Will 2018 be kind to startups in India?

Startups face a number of challenges when embarking on their entrepreneurial journey – according to NASSCOM data, the standard mortality rate is around 25%.

In 2015, about 140 startups shut shop in India; in 2016, about 212 startups closed doors—50% higher than the previous year; the rate for 2017 planed out to 25% as large-scale startup hubs, accelerators, and investors cropped up across the country. To help the sector, government went to the extent of redefining the meaning of a “startup” by raising the age limit to 7 years from the date of incorporation (10 years for Biotech firms). From linking villages with the Start-up India programme to mega-sized accelerators and spirited investors, a slew of regulatory changes, activities and initiatives helped the startup sector emerge as the next big theme for economic growth.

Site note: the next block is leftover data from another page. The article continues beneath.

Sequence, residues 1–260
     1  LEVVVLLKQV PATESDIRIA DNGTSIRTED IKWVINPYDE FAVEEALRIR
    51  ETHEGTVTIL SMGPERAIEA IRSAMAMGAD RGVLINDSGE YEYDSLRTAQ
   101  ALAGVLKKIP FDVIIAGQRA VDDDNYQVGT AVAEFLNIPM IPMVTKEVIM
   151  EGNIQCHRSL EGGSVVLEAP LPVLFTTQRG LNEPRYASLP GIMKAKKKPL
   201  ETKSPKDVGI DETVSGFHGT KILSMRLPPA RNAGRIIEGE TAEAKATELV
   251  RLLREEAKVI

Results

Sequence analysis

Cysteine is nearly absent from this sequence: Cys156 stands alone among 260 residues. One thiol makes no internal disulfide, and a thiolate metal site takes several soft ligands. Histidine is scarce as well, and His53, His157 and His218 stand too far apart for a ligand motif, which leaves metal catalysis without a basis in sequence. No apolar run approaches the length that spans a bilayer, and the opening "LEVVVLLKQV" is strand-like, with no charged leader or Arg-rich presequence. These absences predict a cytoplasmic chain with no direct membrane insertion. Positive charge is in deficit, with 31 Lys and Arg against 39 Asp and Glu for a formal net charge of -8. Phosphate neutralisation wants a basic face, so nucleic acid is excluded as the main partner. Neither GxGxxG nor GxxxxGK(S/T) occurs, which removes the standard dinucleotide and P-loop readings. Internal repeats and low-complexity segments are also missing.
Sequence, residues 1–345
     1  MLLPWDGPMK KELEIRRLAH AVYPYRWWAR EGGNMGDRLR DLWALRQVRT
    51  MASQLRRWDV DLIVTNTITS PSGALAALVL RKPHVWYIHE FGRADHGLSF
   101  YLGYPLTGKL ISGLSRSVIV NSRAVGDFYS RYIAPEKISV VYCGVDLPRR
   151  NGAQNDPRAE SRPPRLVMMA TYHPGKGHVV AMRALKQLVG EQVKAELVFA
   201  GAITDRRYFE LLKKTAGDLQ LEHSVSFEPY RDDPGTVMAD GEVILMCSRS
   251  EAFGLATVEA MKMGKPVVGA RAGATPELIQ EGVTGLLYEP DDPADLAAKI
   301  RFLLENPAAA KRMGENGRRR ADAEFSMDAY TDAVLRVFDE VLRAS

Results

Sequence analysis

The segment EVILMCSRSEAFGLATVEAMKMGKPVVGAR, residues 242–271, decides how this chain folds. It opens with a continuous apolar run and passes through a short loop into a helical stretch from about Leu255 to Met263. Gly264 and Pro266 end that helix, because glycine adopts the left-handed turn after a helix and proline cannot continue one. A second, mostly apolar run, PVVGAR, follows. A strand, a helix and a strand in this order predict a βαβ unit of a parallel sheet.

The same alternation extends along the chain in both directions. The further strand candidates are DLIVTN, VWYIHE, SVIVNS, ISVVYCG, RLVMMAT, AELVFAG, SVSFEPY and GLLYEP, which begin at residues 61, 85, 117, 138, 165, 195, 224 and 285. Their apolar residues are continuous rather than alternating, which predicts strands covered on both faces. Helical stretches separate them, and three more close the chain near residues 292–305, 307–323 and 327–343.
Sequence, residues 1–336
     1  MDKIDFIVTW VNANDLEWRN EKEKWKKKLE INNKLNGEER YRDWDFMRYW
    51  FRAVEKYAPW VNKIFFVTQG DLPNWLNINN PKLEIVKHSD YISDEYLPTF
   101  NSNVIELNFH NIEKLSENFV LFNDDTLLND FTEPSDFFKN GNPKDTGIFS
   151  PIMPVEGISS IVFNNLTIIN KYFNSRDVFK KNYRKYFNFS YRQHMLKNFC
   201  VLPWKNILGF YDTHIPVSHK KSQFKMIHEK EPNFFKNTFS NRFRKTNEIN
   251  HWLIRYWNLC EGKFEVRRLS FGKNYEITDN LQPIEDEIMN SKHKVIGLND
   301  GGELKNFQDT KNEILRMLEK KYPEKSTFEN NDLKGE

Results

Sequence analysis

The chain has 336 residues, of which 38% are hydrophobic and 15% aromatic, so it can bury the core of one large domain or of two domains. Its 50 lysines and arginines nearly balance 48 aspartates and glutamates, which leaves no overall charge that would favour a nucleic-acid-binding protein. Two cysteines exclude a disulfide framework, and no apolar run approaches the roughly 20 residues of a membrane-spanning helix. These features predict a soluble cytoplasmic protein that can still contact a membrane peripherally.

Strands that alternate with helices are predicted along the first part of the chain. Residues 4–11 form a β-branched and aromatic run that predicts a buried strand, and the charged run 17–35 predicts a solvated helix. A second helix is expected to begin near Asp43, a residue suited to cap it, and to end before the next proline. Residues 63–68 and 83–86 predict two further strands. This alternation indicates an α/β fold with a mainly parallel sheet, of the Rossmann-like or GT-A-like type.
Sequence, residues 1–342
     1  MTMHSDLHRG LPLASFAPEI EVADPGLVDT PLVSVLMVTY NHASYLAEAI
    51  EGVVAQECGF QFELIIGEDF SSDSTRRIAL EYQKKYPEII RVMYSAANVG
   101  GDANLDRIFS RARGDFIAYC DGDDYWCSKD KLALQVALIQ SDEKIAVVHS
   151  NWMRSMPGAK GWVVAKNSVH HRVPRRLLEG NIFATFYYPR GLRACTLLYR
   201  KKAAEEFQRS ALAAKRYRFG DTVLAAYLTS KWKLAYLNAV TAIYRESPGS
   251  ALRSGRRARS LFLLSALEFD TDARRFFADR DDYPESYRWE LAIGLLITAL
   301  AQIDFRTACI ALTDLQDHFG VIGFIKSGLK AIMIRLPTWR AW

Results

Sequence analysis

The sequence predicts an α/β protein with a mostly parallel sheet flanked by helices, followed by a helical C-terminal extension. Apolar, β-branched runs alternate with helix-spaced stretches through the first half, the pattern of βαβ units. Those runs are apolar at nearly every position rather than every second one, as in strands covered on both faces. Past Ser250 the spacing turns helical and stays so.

Today, India is among the top five countries in the world in terms of startups. Its consumer demographics and extensive urbanisation continues to channel large-scale investment opportunities. The number of tech and non-tech startups cropping up every year only continues to the rise, irrespective of the shutdowns. It is projected that by 2020 there will be over 12,000 startups in the country, changing the way the markets are perceived and work. Until 2016, it was a trend among investors to make an early entry, even before the start of a firm. However, 2018 started on a bleak note with the causality list taking on a more serious turn: a Hong Kong-based tech startup accelerator, Jaarvis, started writing off investments in its portfolio and shutting down its India operations. Other startup accelerators in India are not doing good as well and are taking parting shots in getting their business model right. All this begs the question: Is there a market for all these startups?